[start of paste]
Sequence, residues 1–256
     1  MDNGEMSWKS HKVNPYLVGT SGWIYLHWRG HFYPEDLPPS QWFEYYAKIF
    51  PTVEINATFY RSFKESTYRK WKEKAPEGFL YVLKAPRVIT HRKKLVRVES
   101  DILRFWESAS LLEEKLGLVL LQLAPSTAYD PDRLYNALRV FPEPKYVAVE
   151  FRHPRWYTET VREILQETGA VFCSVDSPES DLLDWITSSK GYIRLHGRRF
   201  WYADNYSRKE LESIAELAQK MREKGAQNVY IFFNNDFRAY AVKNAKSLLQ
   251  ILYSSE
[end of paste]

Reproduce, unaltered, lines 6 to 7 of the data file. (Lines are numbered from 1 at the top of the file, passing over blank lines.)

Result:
   201  WYADNYSRKE LESIAELAQK MREKGAQNVY IFFNNDFRAY AVKNAKSLLQ
   251  ILYSSE